MHDC approves $20 Million incentive for Missouri home buyers

Dennis Norman

Dennis Norman

UPDATE June 7, 1010 – Here are links to the Forms from MHDC to claim the tax credit as well as some sample forms they have provided showing how to fill them in:

Program Application
Home Purchase Affidavit
Promissory Note
Hope Program Information and Instructions
Sample Forms


Just moments ago, the Missouri Housing Development Commission passed at $35 million economic development initiative. Part of this initiative (to the tune of $20 million worth) is aimed toward helping stimulate home sales in Missouri.

MHDC Missouri Housing Development CorporationThe initiative includes:

  • $15 million to pay the first year of property taxes for qualified homebuyers who purchase a new or existing home after January 1, 2010. According to Missouri Treasurer, Clint Zweifel, this has the opportunity to help between 9,000 and 11,000 Missouri families making less than $100,000 a year.
  • $5 million in assistance to qualified homebuyers to help with down payments and closing costs. This helps potential homebuyers overcome the obstacle of coming up with enough cash for a down payment and closing costs.
  • In addition, there is assistance to homebuyers who purchase an energy-efficient home or purchase energy-saving appliances.

I have not seen the plan that was actually approved, however below are the details of the plan that was proposed to MHDC by Missouri Governor Jay Nixon and State Treasurer Clint Zweifel (remember, some things could have been changed when approved today) from a press release issued in November.

If approved by the commission, Missouri families making less than $98,000 a year who enter into a contract to purchase a new or existing Missouri home after Jan. 1 would have their property tax paid up to $1,250. Those families would be eligible to have an additional $500 paid towards the tax bill if the homeowner purchases a energy efficient home or items, such as Energy Star appliances, to make the home more energy efficient.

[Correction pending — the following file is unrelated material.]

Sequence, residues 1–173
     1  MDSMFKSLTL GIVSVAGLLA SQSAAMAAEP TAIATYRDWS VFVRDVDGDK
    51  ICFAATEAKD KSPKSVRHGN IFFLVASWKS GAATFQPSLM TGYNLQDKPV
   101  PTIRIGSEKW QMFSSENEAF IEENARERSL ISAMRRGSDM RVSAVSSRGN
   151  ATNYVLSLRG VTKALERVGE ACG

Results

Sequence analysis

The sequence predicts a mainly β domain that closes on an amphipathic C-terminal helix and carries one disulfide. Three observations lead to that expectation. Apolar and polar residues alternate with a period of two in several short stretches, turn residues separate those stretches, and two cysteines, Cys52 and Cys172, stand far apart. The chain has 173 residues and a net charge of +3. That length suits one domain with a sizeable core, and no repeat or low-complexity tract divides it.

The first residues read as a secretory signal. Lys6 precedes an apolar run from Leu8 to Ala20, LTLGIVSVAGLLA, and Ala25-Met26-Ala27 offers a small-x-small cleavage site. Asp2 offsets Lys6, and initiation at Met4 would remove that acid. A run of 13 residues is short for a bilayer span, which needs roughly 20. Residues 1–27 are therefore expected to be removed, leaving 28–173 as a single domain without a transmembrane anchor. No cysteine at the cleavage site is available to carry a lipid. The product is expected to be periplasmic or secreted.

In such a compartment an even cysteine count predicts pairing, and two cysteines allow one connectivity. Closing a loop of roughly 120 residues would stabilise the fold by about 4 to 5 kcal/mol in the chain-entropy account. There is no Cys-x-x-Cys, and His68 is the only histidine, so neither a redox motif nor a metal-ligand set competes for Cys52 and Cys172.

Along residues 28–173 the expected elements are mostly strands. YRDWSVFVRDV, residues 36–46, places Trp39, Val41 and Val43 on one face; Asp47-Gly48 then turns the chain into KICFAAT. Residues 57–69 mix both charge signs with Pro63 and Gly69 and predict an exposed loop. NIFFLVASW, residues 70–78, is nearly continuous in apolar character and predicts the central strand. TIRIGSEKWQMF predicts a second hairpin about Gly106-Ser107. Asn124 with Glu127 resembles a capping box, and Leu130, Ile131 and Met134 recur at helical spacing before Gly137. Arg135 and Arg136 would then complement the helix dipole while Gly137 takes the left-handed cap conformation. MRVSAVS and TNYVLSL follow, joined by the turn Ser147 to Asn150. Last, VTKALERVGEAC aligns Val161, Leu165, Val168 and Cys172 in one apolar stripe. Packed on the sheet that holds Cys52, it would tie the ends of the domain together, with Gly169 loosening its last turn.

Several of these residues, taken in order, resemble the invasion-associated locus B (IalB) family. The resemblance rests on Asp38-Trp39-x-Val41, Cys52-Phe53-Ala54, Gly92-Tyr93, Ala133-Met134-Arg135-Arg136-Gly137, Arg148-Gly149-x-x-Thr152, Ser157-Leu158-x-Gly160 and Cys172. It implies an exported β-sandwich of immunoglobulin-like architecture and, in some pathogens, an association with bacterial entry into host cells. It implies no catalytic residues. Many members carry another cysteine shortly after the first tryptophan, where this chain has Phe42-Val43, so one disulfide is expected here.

Who is eligible?

Income eligibility is based on previously adopted MHDC guidelines. Depending on the county of the home sale, household income limit guidelines for low to moderate income persons or families approved by MHDC last spring range from $58,300 to $98,560. These grants are for owner-occupied purchases only.

When would it start?

If approved by the MHDC at its next meeting on Dec. 18, 2009, funds would be available for contracts entered into after Jan. 1, 2010, on a first-come, first-served basis.

How much of the property tax bill could be paid?

Eligible homeowners could have up to $1,750 of their property tax bills paid. According to the State Tax Commission, the average residential real estate tax bill for a Missouri homeowner is $1,160. An income-qualified individual or family is eligible to receive $1,250 or the amount of their first year’s real estate tax bill, whichever is highest, when they purchase a new or existing residential home. An income-qualified individual or family can enhance this base amount, up to $1,750, if they purchase an energy-efficient new home or make energy efficient improvements to an existing home that is purchased. These improvements must be made prior to closing or within 60 days of closing.

How do Missourians apply for these funds?

Forms and affidavits will be part of documents executed at the home sale closing.  Additional receipts and documentation will be required for proof of energy efficient improvements.

What energy-efficiency upgrades would be eligible for the additional incentive?

Eligible improvements would include installing high-performance windows, house wraps, programmable thermostat controls, water-efficient toilets and faucets, and energy-efficient water heaters, lighting and appliances; sealing heating and air conditioning ductwork; caulking; insulating water heater pipes; increasing the R-value of insulation in crawl spaces and attics; and conducting on-site energy efficiency inspections and tests, including a blower door test, which tests the overall energy efficiency of the house, and a duct blaster test, which tests how much the air ductwork leaks.

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